We tracked the bull down into the basin and three quarters of the way up the adjacent hillside before losing the blood trail all together, the elk had spent so much time in this secluded canyon that there were fresh tracks everywhere.

The bull’s tracks were easy to follow as he ran down the soft dirt on the mountain, but as he worked his way slowly up the other side, distinguishing his tracks from others was impossible.

We spent six hours on the tracking job across the nearly mile wide mountain. Even with all that effort, I didn’t and couldn’t stop there. We grid-searched the entire hillside, hoping to find the bull expired somewhere amongst the tall grass and burned trees, but found nothing. We hadn’t even started the long hike back to before everyone had completely exhausted their water supplies in the 80-degree Utah heat. On the hike out, Jeff experienced dozens of dehydration cramps and we were lucky to get everyone back to the safety of the truck and immediately drove into town to replenish our Gatorade and water supplies.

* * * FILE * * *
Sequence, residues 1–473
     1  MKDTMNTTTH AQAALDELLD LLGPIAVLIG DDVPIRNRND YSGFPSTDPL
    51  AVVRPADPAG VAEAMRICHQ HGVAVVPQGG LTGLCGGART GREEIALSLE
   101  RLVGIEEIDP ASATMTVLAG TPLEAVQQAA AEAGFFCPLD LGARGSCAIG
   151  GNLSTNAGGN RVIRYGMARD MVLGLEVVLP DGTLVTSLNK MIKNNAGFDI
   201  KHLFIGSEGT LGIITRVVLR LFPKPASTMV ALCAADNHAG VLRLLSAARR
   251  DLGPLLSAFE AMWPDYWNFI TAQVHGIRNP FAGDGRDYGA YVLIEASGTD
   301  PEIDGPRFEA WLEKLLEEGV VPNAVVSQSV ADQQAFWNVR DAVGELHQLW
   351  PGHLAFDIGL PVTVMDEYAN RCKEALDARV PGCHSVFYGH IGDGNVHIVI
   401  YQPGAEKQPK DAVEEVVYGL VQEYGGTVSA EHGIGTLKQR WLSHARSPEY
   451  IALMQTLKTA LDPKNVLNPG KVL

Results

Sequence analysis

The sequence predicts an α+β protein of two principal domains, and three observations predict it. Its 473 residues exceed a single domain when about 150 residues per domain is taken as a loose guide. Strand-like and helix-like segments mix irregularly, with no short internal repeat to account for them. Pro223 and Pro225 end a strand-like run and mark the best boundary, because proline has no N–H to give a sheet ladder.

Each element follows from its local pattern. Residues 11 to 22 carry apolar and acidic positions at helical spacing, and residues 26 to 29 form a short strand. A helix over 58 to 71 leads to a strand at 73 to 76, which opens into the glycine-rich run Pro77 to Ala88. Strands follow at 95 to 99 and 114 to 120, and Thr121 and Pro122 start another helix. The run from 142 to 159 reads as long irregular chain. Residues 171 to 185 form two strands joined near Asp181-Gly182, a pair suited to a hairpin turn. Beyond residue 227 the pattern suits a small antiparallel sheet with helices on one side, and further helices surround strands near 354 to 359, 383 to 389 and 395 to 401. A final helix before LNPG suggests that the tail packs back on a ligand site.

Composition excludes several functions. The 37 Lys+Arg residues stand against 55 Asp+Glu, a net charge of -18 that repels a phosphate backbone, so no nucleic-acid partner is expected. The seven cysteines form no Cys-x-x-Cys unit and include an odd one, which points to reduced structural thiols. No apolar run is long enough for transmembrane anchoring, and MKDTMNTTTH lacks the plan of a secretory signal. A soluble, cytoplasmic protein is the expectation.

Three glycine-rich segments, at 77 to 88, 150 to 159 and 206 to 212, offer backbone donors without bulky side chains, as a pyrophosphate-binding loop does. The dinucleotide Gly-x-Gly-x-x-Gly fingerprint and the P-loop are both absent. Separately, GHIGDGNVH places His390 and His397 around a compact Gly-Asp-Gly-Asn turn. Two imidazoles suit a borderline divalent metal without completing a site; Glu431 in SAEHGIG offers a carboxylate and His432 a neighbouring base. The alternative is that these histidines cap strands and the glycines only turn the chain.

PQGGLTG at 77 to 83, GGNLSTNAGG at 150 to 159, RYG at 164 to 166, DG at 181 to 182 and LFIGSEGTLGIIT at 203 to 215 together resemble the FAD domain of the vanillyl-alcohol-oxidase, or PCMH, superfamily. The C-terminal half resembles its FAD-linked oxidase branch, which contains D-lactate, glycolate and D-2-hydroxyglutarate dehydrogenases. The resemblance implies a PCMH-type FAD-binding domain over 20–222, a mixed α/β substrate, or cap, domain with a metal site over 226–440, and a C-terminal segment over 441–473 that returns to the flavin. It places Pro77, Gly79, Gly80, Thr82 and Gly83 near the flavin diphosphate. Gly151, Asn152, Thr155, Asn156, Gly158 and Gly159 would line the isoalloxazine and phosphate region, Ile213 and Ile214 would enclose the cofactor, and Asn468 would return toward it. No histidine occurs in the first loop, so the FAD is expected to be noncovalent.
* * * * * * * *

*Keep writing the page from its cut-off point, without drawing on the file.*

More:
Now what?

I’ve hunted a lot. I’ve been fortunate enough to take dozens of elk since beginning hunting at age 12, but I’ve never been in the situation I’m in now. This is day one of a “once in a lifetime” limited entry hunt in Utah, a tag I was lucky to draw, and will more than likely, never see again–ever. I’d made the decision to harvest this bull and I will continue searching for him for the next few days. I’m not sure what decision to make from here.

Jeff, Shane, and I have all put forth a huge effort up to now to find the bull, but we will KEEP searching. Everyone says “all hunters go through this,” but I’ve had to deal with it twice now in my last two hunts. I definitely understand that wounding loss is a part of hunting, but I pride myself on only taking shots under the best circumstances and I thought I made a good shot. Even now as I type, I can hear bulls bugling on the mountain outside of camp.

I’ll put forth the best effort to find the bull in the coming days–we’re going to glass the mountain hard beginning tomorrow morning looking for the bull, for crows, for any sign of him. I’m heartbroken.